The Writer Behind ‘Go Girl!,’ The First Travel Guide For Black Women, Is Back To Share The Adventures Of A New Generation

Courtesy of Elaine Lee

If Black girls didn’t feel like they belonged in the travel space before, they may likely feel a sense of belonging now. We’re seeing more melanin than ever as Black women live their best lives abroad, whether through solo travel, girls trips or baecations. Black travel, in general, is now so pervasive that in 2023, the Black Travel Summit declared Nov. 11 National Black Travel Day. Also, in 2019, Black Americans spent an estimated $109 billion on leisure travel, accounting for around 13% of all travelers.

Black female travel, specifically, can be traced as far back as the 1800s when Mary Seacole, a Black businesswoman and nurse, traveled the world and documented her adventures in her 200-page autobiography Wonderful Adventures of Mrs. Seacole in Many Lands. Nevertheless, our journeys haven’t always been well documented or publicized. That is, until Elaine Lee shone a light on our experiences. Her 1997 work, Go Girl! The Black Woman’s Book of Travel and Adventure, is the first book by and for African American women that seamlessly interweaves 52 travel stories by prolific Black women including Maya Angelou, Gwendolyn Brooks, Audre Lorde, Jill Nelson, Alice Walker and Pearl Cleage.

The book made Black travel tangible, helping Black women feel included in a space we often didn’t have access to and breaking open the endless possibilities when it comes to places to go and things to see in the world around us.

Almost three decades since its debut, Lee is set to release an expanded, updated and revised edition of the book: Go Girl 2: The Black Woman’s Book of Travel and Adventure. Readers can anticipate 54 travel tales, poems, and photos in this jewel. Lee also introduces a new generation of travel writers such as Lola Akinmade Åkerström, Lebawit Lily Girma, Georgina Lawton, Martinque Lewis, Rue Mapp, and Noo Saro-Wiwa, among others.

“What I’ve brought in Go Girl 2 is the voice of a new generation of travel writers and travelers,” Lee tells ESSENCE. “So many of them are gen xers and millennials. And they’ve had a different experience with the world than the women who wrote 30 years ago.”

Lee, who has been a globetrotter for over 30 years, is in a good position to discuss those changes. One of the most evident shifts she has noticed is representation of Black women in travel. When Lee began traveling in the 90s, there wasn’t much–if any–representation, which also created fear around seeing the world.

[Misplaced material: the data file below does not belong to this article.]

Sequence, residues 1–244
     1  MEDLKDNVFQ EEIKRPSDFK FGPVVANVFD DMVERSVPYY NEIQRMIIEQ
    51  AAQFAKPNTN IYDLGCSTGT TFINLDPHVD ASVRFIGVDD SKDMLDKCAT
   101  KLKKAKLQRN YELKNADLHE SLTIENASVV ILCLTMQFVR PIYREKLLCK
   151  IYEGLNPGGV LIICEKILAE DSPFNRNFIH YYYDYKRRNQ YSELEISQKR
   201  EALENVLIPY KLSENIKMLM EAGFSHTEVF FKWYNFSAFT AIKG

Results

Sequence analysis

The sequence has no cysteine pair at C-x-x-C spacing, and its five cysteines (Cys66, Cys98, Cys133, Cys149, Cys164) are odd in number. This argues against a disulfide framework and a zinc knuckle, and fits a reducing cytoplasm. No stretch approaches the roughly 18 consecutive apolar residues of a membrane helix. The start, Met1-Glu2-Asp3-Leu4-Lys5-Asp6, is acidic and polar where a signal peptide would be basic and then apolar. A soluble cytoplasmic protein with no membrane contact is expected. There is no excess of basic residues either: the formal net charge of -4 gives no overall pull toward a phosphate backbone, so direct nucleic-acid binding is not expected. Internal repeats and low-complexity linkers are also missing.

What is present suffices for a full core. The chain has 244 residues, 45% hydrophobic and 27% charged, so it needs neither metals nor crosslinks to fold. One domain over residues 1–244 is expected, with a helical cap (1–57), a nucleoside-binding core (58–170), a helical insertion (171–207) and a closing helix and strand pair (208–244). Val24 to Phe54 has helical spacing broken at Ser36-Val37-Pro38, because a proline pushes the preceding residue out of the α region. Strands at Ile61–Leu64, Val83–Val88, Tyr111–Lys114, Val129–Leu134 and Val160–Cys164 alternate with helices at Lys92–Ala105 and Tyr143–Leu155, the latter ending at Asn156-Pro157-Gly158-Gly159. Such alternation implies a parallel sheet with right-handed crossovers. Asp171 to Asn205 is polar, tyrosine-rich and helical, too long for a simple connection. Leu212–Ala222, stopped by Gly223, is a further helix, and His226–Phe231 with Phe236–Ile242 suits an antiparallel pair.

“For me when I started my first trip around the world, there were no Black travel books,” Lee says. “I had never met a Black woman who traveled around the world, never seen any images of Black women navigating the planet alone. And it was terrifying for me.”

The lack of representation propelled Lee to create something she hadn’t yet seen and pave the way for other Black women.

The Writer Behind ‘Go Girl!,’ The First Travel Guide For Black Women, Is Back To Share The Adventures Of A New Generation
Courtesy of Elaine Lee

“Since then, I’ve gotten thousands of letters from Black women thanking me for giving them that courage to see the world and providing that inspiration as well as practical tips on how to see it,” Lee says.

Two other distinct aspects of travel Lee has seen evolve over the years include the rise of social media and use of technology. Both have created ease for travelers and in many ways, made going on grand adventures, and finding community when doing so, both easier and safer to do.

While planning a trip to Peru, Lee posted in Black Travel Movement, a hub for Black travelers on social media, asking different questions about the South American country. Within hours, people provided her with a wealth of information.“So I got a chance to be a part of and explore a whole Black community in Peru that I never really knew existed,” she says.

She also adds that she’s been able to travel lighter thanks to technological advancements over the past few decades. Lee no longer needs to move about with her traveler checks, address book, guide book, camera, cassette player or mail books to her destinations in advance.

“With my first trip around the world, I couldn’t carry all those travel books to the eight countries I was going to. So I had to mail the last four books to an American Express store in Switzerland so that I wouldn’t have to carry all of them, but I could pick them up along the way. How times have changed,” she reminisces.

In her new book, Lee continues telling the unique stories of Black women, going beyond surface level narrations and experiences. As a groundbreaking Black travel writer, she says being a good journeyer is about learning to be a traveler versus a tourist.

“How I do that is [to] immerse myself in a culture. Take the time to learn about where I’m going and learn a little bit of the language, learn money, learn to dress and not try to be a chameleon per se, but to be respectful of a culture,” she explains. “And as a result, people welcome you into it, and then you learn from befriending the locals and being a part of a community.”

Travel lovers or people who live vicariously through brave explorers can read an array of rich stories in the upcoming book. Lee’s primary goal with this work is to again amplify more Black women’s voices.

“In reality, where are you going to hear it other than in ESSENCE?” Lee asks. “There’s no place for the Black woman traveler’s voice to be heard. And so I have tried to create a forum that is enlightening and encouraging to learn about what Black women are doing and how they’re navigating mother earth.”

Go Girl 2 will be available in print and digitally via Amazon in March.

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